Study reveals marked decline in noise levels in Indian Ocean Region during lockdownUpdated: May 21, 2020 18:57 IST
A slump in shipping traffic during the lockdown has resulted in a marked decline in noise levels across the Indian Ocean Region (IOR) – which includes Arabian Sea, Bay of Bengal and the Indian Ocean – a study by Pune’s Maritime Research Centre (MRC) has revealed.
The average noise levels in IOR fell from 103.6 decibels (dB) during March to 73.4 dB in May, revealed the study conducted by MRC along with the Foundation for Underwater Domain Awareness, a non-governmental organisation working on marine ecosystem concerns due to acoustic habitat degradation.
For a comparison, 103 dB is as loud as a jet flying at 1,000 feet, while 73.4 dB is the sound of a vacuum cleaner. However, measurements in air and water use separate references for dB calculations (1 micro pascal in water and 20 micro pascal in air).
Comparative heat maps of shipping traffic during March and May indicated a sharp decline in ocean noise, especially across the east coast and southwestern coastline.
“A surge in the shipping traffic witnessed over the past three decades has suddenly plummeted to a level where background ocean noise can be measured. It calls for a major policy rethink on how we can redistribute the traffic to control noise. Using this data, solutions can be put in place to navigate development through a sustainable growth model,” said Arnab Das, author of the study, former commander in the Indian Navy and director, MRC.
The reduction in the noise will benefit the marine ecosystem, leading to habitat improvement, the study concluded.
“The low frequency ambient noise due to shipping has been documented to have doubled (3 dB) every decade since 1950 forcing the marine ecosystem to bear the brunt of unsustainable development,” said Das.
Noise levels more than 120 dB cause discomfort to marine mammals, above 170 dB causes injury (internal injuries, bleeding and haemorrhages) and beyond 200 dB can lead to instant death.
“Low frequency ambient noise overlaps with the hearing of marine mammals, particularly big whales. They use sound [sonar] for multiple biologically critical functions like navigation, communication, foraging, finding mates, for breeding and avoiding predators. Increasing ocean noise masks these characteristic abilities. While the lockdown may have its negative impacts, noise reduction comes as a silver lining for relaxed marine environment even if it is for a brief period,” said Das.
However, peak noise levels of 94.5 dB had been recorded along the Gujarat and Maharashtra coasts even during the lockdown. The peak was more than 120 dB prior to the lockdown for the entire IOR. A percentage comparison cannot be done in case of dB levels, as it is a logarithmic conversion of the linear scale, and will give a false sense of high or low.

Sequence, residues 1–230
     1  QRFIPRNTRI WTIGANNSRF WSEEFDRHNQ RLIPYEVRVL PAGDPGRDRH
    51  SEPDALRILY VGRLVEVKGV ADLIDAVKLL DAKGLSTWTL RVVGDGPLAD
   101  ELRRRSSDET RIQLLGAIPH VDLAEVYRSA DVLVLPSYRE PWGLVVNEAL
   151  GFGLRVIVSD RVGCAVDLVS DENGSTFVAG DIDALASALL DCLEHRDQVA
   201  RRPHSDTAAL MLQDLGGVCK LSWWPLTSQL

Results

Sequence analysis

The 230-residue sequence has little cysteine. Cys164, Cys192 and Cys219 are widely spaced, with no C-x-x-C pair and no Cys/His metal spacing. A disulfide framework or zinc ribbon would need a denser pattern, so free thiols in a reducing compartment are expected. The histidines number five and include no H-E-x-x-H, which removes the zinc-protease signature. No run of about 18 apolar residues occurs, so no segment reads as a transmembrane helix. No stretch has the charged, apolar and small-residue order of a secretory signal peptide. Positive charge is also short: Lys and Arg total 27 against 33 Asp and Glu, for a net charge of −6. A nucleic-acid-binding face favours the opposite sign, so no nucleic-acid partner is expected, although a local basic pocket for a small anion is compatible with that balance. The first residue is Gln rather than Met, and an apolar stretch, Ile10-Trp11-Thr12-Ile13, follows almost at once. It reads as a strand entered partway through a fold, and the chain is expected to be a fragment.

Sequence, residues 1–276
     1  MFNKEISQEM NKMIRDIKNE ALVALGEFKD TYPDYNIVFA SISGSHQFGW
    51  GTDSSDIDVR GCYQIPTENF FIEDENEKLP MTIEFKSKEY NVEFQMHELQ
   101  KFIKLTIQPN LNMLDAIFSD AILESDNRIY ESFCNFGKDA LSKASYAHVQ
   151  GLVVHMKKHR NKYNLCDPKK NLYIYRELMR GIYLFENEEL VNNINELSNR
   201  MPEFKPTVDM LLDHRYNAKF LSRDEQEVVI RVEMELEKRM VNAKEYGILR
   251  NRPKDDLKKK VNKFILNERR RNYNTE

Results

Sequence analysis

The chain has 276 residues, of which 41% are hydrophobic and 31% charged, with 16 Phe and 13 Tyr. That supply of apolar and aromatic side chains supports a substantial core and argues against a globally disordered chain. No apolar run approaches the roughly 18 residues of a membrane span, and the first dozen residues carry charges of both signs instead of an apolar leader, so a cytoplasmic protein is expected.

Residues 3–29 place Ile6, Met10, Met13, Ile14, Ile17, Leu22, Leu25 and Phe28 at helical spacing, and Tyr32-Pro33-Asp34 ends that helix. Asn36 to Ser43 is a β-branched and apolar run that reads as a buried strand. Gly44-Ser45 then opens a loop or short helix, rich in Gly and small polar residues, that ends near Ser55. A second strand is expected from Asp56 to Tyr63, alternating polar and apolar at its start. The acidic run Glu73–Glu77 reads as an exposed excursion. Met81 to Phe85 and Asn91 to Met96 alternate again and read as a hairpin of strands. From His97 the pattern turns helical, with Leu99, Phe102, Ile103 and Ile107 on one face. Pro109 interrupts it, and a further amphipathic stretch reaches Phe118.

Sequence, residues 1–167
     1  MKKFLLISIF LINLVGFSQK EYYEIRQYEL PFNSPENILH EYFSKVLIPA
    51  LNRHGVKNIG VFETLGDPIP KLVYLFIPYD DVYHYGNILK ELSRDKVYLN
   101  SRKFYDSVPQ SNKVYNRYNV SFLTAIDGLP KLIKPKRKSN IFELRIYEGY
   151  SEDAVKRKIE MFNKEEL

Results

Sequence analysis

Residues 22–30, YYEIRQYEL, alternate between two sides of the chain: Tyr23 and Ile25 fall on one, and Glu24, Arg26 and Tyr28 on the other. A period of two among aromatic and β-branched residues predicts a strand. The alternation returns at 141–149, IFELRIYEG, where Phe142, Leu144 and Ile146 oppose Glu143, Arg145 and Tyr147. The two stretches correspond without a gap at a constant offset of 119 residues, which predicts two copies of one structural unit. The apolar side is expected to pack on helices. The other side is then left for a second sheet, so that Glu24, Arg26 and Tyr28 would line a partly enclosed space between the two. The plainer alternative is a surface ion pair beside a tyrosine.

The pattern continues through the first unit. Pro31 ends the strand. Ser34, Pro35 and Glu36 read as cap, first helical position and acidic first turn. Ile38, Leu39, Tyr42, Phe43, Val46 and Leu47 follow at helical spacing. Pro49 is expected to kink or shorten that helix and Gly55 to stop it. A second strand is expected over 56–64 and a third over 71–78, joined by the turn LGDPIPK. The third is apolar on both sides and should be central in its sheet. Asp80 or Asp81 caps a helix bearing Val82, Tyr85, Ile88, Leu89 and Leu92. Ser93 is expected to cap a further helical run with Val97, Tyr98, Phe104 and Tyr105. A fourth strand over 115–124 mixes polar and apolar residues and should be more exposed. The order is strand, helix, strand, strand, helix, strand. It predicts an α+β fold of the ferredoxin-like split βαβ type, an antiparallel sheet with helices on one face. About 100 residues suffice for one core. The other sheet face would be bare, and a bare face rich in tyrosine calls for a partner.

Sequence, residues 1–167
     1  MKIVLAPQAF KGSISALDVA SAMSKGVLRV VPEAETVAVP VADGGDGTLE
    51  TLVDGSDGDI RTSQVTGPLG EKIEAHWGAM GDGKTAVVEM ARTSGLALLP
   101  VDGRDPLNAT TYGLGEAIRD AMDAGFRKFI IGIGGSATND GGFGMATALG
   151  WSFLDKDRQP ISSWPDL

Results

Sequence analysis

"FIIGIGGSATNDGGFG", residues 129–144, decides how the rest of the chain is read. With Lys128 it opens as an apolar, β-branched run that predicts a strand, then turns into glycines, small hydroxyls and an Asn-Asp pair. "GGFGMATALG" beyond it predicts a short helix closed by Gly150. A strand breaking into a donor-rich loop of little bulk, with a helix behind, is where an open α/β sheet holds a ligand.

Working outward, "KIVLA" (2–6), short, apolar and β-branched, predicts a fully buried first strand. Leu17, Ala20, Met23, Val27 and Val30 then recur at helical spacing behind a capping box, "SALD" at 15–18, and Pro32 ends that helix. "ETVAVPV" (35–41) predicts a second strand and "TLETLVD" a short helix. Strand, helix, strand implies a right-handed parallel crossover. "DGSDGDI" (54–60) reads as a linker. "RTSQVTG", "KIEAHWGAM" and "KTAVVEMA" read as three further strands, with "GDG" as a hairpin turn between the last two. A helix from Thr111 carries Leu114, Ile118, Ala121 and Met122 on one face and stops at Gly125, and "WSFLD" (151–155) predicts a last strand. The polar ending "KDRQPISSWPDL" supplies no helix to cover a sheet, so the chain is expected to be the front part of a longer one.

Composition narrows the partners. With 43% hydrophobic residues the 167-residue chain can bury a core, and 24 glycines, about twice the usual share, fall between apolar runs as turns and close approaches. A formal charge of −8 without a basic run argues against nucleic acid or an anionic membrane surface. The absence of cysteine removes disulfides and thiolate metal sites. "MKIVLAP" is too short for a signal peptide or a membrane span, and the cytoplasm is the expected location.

“Higher noise towards the Gujarat and Maharashtra areas may be due to cargo movement, which is marginally higher in this region than the rest of the IOR. Oil exploration is also going on as an essential activity,” said Amitabh Kumar, director general (shipping).
According to Kumar, the findings of the study were accurate as international trade plummeted considerably during the lockdown months.
“We must realise that this traffic constitutes shipping activities in high seas. These are not the ships coming to India, but are the ones using the important IOR route with cargo emanating from the Gulf to be supplied to Asian, Southeast Asia and Eurasian countries. With the reduction in the international trade due to lockdown across countries in these regions, ocean noise is bound to fall. At the same time, many of the ships are being used as storage points for petroleum cargo that use this route, and are currently stationary closer to ports,” said Kumar.
However, he also added that the lockdown period was not the apt time to ascertain the safe limits for ocean noise.
“The reduction required in activities should be adjudged after the lockdown when international trade is fully functional again. The current drop in noise level is consequential to the slowdown in traffic, which will be nowhere near the levels when operations resume,” Kumar said.
MRC’s study used an assessment tool to evaluate real-time low frequency ambient noise variation in the IOR during both time periods using an automated identification system (AIS) which provides the geo-location of ships and catches individual frequency levels through calibrated noise monitors to record the average and peak noises.
According to the Indian National Shipowners’ Association, between 2017 and 2019, the estimated capacity of shipping traffic increased from 27,500 metric tonnes (mt) to 35,383 mt, which included navy ships, security vessels, export-import goods, dry cargo, petroleum products, gas load and crude oil.
In December 2019, global regulatory body International Maritime Organisation (IMO) had decided to implement noise abatement measures for safe standards at sea, but the decision was opposed by major Southeast Asian countries such as China.
An independent expert, who was not part of the study, said that such noise measurement studies were futile if IMO does not declare safe standards.
“Only when there is regulation and penalty, can there be restriction in shipping operations to conserve the marine ecosystem. To avoid a surge in marine mammal deaths, shipping operations and international trade needs to be opened up gradually and country specific caps should be in place for movement of vessels within their region,” said E Vivekanandan, marine biologist and emeritus scientist at Central Marine Fisheries Research Institute.